Health Agencies Update |

PHS Provides Immunoglobulin

Brian Vastag
JAMA. 2002;288(19):2397. doi:10.1001/jama.288.19.2397.
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The 6000 officers of the US Public Health Service (PHS) Commissioned Corps are being asked to volunteer for smallpox vaccine inoculation to help increase the nation's supply of vaccinia immunoglobulin. Collected via plasmapheresis 7 to 10 days after immunization, vaccinia immunoglobulin is used to counteract adverse effects of smallpox vaccination.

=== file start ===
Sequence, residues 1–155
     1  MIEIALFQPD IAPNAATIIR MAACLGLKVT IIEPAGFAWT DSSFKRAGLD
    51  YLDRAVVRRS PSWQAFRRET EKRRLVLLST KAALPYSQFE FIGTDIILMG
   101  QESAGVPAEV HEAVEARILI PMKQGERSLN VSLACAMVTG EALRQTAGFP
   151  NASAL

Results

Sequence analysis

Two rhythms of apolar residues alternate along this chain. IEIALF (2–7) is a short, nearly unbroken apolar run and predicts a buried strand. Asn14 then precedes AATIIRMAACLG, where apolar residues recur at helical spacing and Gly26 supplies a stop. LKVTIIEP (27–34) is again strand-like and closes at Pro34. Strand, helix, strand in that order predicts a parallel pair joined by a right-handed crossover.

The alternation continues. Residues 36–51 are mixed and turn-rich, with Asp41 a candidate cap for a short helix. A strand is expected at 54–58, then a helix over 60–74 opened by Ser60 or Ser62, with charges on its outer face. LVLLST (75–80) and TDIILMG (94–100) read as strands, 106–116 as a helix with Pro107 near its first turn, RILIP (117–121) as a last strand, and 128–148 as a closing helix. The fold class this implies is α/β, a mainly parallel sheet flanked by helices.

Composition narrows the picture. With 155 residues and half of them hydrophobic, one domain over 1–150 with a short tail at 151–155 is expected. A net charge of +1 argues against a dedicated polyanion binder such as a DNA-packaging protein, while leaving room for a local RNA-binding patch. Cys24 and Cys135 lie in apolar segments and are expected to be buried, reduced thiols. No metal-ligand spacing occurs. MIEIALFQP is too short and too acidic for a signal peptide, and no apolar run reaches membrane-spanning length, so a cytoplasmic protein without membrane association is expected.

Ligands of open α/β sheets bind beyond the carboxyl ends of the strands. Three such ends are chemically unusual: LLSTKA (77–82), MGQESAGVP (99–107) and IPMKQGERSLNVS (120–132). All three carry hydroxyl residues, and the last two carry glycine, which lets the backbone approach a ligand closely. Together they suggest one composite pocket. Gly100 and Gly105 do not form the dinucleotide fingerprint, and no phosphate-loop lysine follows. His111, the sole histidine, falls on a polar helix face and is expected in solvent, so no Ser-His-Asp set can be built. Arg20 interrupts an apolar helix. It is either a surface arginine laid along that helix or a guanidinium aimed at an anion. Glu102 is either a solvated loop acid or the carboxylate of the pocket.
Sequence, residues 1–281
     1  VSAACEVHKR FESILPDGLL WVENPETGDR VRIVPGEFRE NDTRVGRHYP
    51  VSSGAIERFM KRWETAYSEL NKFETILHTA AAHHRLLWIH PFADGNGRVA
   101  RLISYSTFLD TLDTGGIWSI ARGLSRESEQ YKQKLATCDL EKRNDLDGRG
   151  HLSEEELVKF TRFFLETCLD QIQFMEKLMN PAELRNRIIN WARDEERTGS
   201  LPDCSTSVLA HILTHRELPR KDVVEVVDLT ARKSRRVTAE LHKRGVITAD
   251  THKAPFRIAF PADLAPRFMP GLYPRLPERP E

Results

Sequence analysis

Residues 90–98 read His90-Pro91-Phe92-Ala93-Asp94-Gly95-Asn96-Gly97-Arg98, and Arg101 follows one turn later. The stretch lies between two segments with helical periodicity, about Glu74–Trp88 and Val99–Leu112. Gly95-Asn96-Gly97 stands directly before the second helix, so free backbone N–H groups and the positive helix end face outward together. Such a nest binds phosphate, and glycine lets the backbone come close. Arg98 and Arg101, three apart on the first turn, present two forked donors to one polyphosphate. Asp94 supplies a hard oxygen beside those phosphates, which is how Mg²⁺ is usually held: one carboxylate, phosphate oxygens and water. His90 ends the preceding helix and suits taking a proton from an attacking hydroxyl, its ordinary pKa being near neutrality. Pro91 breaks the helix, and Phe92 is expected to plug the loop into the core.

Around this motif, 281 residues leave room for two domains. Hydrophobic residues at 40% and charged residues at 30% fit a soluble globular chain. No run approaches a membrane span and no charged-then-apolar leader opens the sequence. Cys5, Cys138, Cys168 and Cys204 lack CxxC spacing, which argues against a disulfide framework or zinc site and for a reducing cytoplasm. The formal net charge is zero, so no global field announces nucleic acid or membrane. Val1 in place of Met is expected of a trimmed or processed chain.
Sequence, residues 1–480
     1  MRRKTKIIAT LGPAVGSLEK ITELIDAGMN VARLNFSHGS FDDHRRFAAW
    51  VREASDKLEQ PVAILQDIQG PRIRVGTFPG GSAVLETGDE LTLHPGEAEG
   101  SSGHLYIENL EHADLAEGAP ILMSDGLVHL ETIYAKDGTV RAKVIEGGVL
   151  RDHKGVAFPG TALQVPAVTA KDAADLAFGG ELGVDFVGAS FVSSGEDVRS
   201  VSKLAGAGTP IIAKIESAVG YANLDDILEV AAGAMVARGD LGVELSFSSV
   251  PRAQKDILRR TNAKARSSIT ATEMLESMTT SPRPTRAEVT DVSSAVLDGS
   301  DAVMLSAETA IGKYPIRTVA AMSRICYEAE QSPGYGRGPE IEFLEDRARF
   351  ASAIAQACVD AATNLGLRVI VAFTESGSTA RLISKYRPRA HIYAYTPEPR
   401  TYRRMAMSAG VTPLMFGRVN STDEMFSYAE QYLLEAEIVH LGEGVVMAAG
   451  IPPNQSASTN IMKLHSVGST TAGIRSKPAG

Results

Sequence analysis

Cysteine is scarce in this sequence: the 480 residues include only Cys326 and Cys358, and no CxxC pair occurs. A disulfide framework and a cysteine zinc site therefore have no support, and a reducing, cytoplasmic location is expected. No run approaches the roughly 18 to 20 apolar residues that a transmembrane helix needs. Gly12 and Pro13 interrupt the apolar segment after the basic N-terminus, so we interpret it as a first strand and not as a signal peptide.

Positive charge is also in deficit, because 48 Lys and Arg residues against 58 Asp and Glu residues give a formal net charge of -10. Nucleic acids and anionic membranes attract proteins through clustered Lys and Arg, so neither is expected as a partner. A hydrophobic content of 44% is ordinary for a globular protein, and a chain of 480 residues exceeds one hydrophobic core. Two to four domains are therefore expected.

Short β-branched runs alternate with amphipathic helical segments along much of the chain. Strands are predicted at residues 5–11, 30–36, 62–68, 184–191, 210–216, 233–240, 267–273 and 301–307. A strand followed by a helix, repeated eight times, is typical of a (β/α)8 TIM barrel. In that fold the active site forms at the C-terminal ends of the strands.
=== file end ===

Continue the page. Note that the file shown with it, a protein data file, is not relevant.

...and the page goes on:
In late October, the office of the US Surgeon General sent a letter to all officers requesting their help: "It is possible that our national security may require a large-scale smallpox vaccination program. Smallpox vaccination can result in adverse reactions in some recipients. Individuals who have never previously been immunized against smallpox, especially those with a weakened immune system or with certain skin disorders, face an increased risk of serious adverse events (including death) when they receive the smallpox vaccination. Vaccinia immunoglobulin (VIG), which is prepared from plasma from individuals immunized against smallpox, can help treat these adverse reactions."

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